- The Washington Times - Wednesday, December 13, 2000

The closer George W. Bush comes to winning the presidency, the more apocalyptic and disingenuous the liberal media become.

Consider, for example, the headline writers at The Washington Post. On Friday a bitterly divided Florida Supreme Court one need only read the two strongly worded dissents written by the three justices in the minority, including the court's chief justice, to see how bitter it was issued its 4-to-3 decision ordering Florida's "vote counting" to resume. The Post's Saturday front-page headline declared: "Fla. Supreme Court Orders Partial Recounts Across State." On Saturday, the U.S. Supreme Court issued a 5-to-4 ruling halting, at least temporarily, that recount. The Post's Sunday headline declared: "Divided U.S. Supreme Court Orders Freeze on Fla. Count."

On Monday, The Post printed a letter from a reader who quite reasonably asked, "Is there any other reason, other than editorial bias for Vice President Gore, that explains the different way the two recent events were headlined? Were not the two courts equally 'divided'?" Evidently not, in the judgment of The Post, which headlined its Tuesday paper, "Divided High Court Grills Attorneys for Bush, Gore on Recount Options."

In Sunday's Post, Robert Kaiser, the paper's former managing editor, authored a piece attacking the presumed partisanship of the five most conservative members of the U.S. Supreme Court. Headlined "Slim Majority Raises Fear of Court Partisanship," Mr. Kaiser's article began: "Before yesterday, the Supreme Court had received extensive advice, then praise, for taking a careful, moderate and unanimous approach to the sensitive legal questions it considered in connection with this year's hung election for president. Then yesterday, five justices abandoned that approach, staking out a position that opened the court to accusations of intemperate partisanship as the majority stayed the vote count in Florida and signaled its willingness to decide the 2000 election in favor of George W. Bush."

Nowhere, did he mention that the four liberal members of the court just might be motivated by partisanship. In addition, nearly all the substantive quotes on partisanship were gleaned from like-minded liberal law professors. "This looks like a group of five, hard-line, right-wing Republicans who are willing to do anything to put their guy in office," liberal constitutional scholar Sanford Levinson complained. "Hard-line" and "right-wing" aren't words one normally finds associated with Justices Sandra Day O'Connor and Anthony Kennedy, both of whom happened to vote in 1992 to uphold the Roe vs. Wade decision.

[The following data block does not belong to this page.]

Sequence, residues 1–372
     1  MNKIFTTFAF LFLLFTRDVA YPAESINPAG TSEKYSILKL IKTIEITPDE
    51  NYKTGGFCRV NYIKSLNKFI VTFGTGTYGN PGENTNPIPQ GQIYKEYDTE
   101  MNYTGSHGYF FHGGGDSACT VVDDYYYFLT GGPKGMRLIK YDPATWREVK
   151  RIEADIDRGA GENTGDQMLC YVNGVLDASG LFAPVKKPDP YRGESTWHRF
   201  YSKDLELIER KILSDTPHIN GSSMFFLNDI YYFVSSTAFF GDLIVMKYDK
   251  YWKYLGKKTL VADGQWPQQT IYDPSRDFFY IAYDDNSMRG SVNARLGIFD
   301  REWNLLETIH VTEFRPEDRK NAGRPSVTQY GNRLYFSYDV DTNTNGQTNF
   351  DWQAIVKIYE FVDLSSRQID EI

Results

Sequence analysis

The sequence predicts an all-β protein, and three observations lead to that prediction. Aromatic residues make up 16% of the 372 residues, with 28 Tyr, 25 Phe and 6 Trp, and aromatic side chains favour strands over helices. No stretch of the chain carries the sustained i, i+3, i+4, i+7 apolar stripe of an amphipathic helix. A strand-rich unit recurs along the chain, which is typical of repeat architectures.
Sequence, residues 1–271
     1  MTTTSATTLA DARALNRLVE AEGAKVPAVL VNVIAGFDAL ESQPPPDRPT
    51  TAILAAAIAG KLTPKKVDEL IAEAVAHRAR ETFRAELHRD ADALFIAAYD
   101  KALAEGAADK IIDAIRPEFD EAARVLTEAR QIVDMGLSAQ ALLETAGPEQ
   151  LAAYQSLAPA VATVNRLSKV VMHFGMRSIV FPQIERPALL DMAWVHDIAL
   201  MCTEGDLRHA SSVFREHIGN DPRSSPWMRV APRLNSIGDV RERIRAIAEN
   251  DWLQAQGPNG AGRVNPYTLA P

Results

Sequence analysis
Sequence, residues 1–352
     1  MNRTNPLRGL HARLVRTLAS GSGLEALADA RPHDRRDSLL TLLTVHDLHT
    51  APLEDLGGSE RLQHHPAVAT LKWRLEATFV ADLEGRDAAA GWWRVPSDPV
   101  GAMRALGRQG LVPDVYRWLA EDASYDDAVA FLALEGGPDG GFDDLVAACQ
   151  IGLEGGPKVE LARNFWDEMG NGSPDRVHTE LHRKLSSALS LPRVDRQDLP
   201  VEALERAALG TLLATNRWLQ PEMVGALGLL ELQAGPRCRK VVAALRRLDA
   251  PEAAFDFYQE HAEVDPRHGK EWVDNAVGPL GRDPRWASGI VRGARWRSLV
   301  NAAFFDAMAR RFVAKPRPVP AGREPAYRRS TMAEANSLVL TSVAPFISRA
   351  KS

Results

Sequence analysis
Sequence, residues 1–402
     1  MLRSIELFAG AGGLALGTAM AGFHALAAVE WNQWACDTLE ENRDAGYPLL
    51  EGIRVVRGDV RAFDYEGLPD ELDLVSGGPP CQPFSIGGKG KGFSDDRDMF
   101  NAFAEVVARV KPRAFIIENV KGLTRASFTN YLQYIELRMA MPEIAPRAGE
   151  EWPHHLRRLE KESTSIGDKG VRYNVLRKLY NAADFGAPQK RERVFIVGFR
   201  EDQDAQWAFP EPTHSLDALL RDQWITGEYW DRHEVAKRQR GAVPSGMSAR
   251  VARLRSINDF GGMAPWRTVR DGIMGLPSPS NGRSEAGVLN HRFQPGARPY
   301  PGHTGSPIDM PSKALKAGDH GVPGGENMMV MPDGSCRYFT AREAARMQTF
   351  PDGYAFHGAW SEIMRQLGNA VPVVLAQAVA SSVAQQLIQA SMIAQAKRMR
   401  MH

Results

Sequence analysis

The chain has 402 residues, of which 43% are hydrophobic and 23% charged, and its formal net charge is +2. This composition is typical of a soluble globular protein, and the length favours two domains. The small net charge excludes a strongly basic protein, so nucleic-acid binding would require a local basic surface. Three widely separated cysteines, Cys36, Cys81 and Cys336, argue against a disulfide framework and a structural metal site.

On Monday, The Post offered a front-page profile of Justice Antonin Scalia by Bob Woodward and Charles Lane. The article began by speculating about "the court's controversial assertion of jurisdiction" in connection with the Florida vote controversy. Since when is the U.S. Supreme Court's decision to intervene in cases involving the U.S. Constitution and federal law assumed to be a "controversial assertion of jurisdiction"?

He didn't stop there, though. Mr. Woodward ended his article by advancing the demand from Lanny Davis, a man best known for his unwavering defense of President Clinton during the latter's impeachment, that Justice Antonin Scalia recuse himself from the Florida court case because one of his nine children works for the same law firm as Theodore Olson, the attorney who argued on behalf of Mr. Bush before the Supreme Court. Please.

One need not be a Clinton critic to wonder if perhaps Mr. Woodward could have found a more impartial source for such an argument. Before it worries about Justice Scalia's credibility, the media should worry about their own.

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